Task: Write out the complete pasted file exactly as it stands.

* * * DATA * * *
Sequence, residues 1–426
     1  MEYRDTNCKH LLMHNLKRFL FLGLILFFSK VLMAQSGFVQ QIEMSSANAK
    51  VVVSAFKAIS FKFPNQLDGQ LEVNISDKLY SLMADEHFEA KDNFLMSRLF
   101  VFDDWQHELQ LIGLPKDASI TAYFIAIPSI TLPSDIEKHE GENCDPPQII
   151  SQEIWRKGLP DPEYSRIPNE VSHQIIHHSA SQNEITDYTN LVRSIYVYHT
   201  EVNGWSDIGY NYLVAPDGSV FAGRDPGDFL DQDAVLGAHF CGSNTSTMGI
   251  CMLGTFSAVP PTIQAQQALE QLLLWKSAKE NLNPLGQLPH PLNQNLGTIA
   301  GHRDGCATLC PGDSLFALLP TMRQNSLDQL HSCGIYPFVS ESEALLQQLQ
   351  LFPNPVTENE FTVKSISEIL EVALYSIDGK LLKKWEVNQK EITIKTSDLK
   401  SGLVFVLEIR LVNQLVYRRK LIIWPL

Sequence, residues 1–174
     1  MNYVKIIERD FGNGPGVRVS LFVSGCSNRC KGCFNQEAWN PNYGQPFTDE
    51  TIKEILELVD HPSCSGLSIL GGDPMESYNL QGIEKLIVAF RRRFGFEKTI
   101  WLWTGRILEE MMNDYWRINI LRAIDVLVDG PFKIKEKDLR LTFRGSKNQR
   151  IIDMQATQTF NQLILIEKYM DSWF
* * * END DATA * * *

Sequence, residues 1–426
     1  MEYRDTNCKH LLMHNLKRFL FLGLILFFSK VLMAQSGFVQ QIEMSSANAK
    51  VVVSAFKAIS FKFPNQLDGQ LEVNISDKLY SLMADEHFEA KDNFLMSRLF
   101  VFDDWQHELQ LIGLPKDASI TAYFIAIPSI TLPSDIEKHE GENCDPPQII
   151  SQEIWRKGLP DPEYSRIPNE VSHQIIHHSA SQNEITDYTN LVRSIYVYHT
   201  EVNGWSDIGY NYLVAPDGSV FAGRDPGDFL DQDAVLGAHF CGSNTSTMGI
   251  CMLGTFSAVP PTIQAQQALE QLLLWKSAKE NLNPLGQLPH PLNQNLGTIA
   301  GHRDGCATLC PGDSLFALLP TMRQNSLDQL HSCGIYPFVS ESEALLQQLQ
   351  LFPNPVTENE FTVKSISEIL EVALYSIDGK LLKKWEVNQK EITIKTSDLK
   401  SGLVFVLEIR LVNQLVYRRK LIIWPL

Sequence, residues 1–174
     1  MNYVKIIERD FGNGPGVRVS LFVSGCSNRC KGCFNQEAWN PNYGQPFTDE
    51  TIKEILELVD HPSCSGLSIL GGDPMESYNL QGIEKLIVAF RRRFGFEKTI
   101  WLWTGRILEE MMNDYWRINI LRAIDVLVDG PFKIKEKDLR LTFRGSKNQR
   151  IIDMQATQTF NQLILIEKYM DSWF